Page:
Don’t get me wrong, I love Edinburgh, with its Hogwartsy cobbles and granite grandeur, seeped in history and united by culture, heritage and a too-often-racist hatred of the English. But when it comes to the Edinburgh Festival, the significant advantage of Edinburgh, that it’s nowhere near London, becomes its major drawback for all of us keen to see some of the country’s best comedy.
Of course London gets to enjoy the best comedy scene in the world for 11 months a year, but if you’re already sobbing that we’re losing a month’s allowance of comedic talent in a scary cross-border jokes brain drain then fear not. Before all the funny people head on their holiday, Londoners once again can get ahead of the game by enjoying Edinburgh previews, where comedians try out their Edinburgh material on paying guinea pigs. The only rule.. please laugh.
The pleasant surroundings of The Pleasance play host to some of the bigish names in British comedy as they warm up for their northern adventures. Like Nick Helm, vaguely anarchic star of BBC’s Uncle who once described meas ‘fucking cool, except for the cardigan’. Another comedian to catch there is Ivo Graham (who may be so far the opposite of Helm that they both spontaneously combust were they to meet), the genuinely hilarious comic forever trying to figure out how to simultaneously trade on and shake off his Old Etonian baggage.
Among the long list of other acts taking over the Pleasance highlights include Jonny & The Baptists, who I can’t recommend enough and whose sublime comedy songs interweave with lefty politics (Brexiteers need not apply. Unless they’re Jeremy Corbyn), and Phil Wang, a comedian who’s got so much more to offer than a smile-inducing surname.
Catch some cutting sark at the Cutty Sark (see what I did there?) in the run-up to Edinburgh as big names head to the landlocked boat that once shuttled tea faster than anyone else could shuttle tea. A sort of wooden Space X of its time, the museum piece is now a place to go and see comedians you already know, like Mock The Week regular and star of the humbly self titled sitcom Josh, Josh Widdicombe, as well as those you might not have enjoyed yet, like political impressionist and Apprentice candidate lookalikie, Matt Forde as Edinburgh bound comedians buddy up in a series of double bills.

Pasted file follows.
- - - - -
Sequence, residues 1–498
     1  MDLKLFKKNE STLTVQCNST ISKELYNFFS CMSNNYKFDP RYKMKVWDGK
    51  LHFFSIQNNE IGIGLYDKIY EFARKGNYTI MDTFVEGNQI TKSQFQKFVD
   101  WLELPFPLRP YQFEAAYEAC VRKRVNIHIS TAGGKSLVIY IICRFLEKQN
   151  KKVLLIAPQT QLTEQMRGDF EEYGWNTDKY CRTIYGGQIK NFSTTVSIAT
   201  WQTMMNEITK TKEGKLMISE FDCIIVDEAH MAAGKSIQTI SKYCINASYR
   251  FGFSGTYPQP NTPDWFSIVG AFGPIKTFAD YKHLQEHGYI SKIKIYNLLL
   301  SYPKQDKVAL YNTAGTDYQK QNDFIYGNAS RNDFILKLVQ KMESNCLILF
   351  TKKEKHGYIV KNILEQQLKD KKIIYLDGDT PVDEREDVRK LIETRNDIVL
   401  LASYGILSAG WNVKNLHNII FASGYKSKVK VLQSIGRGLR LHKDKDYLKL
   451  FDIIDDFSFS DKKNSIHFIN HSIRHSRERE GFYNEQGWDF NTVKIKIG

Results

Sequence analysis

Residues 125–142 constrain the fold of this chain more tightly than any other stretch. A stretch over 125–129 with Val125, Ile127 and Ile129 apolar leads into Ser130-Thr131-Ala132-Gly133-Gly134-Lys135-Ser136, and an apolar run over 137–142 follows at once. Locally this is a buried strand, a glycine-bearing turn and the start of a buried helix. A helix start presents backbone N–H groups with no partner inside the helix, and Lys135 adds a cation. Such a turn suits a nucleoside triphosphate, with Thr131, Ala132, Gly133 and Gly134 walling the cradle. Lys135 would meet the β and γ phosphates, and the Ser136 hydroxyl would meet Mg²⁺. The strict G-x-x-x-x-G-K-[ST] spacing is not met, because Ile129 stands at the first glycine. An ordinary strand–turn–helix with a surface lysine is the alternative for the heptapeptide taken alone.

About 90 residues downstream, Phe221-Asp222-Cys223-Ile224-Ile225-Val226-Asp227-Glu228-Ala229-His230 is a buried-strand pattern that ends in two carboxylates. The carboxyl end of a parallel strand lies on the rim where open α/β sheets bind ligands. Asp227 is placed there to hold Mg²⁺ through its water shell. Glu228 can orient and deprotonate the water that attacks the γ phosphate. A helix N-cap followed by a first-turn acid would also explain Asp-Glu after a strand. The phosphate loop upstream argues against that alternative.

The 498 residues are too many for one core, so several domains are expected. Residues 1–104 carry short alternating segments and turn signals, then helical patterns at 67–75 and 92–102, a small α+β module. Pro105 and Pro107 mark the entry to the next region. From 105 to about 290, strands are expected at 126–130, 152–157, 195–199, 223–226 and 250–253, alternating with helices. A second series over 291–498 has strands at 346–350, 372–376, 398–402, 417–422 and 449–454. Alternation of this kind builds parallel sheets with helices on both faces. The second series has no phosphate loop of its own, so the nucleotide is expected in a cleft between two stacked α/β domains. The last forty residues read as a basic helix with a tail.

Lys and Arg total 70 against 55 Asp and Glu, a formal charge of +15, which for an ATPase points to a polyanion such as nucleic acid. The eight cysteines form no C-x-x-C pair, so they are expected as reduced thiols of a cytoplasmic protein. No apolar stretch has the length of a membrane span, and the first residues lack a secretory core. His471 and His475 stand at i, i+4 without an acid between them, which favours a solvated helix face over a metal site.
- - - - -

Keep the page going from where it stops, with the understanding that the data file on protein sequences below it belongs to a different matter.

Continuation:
The worthiest building in South West London, Battersea Arts Centre is another hub for Edinburgh wannabes. Taking my lead from any panel show worth its salt, I seem to have neglected to include any women so far in this round-up. Apologies, flock to Lavender Hill and check out Lucy Porter getting to grips with life post-Brownies, the News Quiz and The Now Show favourite is inherently funny, as is Anna Drezen who as well as being American, a writer on Saturday Night Live and edits a satirical women’s magazine. Also, back on the men, Tom Rosenthal is nearly as excellent at stand up as he is at acting in sitcoms Plebs and Friday Night Dinner, check him out before he heads on tour.
Of course the big names don’t mess about with little artsy venues; well, they do, but they also get invited to try out material at places like the Soho Theatre, where Fleabag was first shown. Cranking up for Edinburgh you’ll the sweetly funny Milton Jones, or the uncrowned king of comedy that is Stewart Lee, previewing Snowflake/Tornado. Another big name hitting Soho Theatre is ventriloquist Nina Conti, bringing this rather undervalued skill beyond ‘gread and gutter’ and into the modern age.
As well as housing precious artefacts like Albert Steptoe’s teddy bear and a few Danny La Rue programmes, the Museum of Comedy serves a useful purpose, not least in the run-up to Edinburgh. After all, where else can you see Romesh Ranganathan prepping his work in progress? Or Bridget Christie, hot off her Netflix special and well worth skipping Steptoe’s teddy for.
For a more eclectic selection of comedians plying their funny, head to Clapham’s Omnibus Theatre. Edinburgh previews include Algorithms, already nominated for awards and following Sadie Clark‘s character billed as a bisexual Bridget Jones for the digital age. There’s also The Red, from Marcus Brigstocke, all about addiction and Originally commissioned for BBC Radio 4. And, of course, plenty more.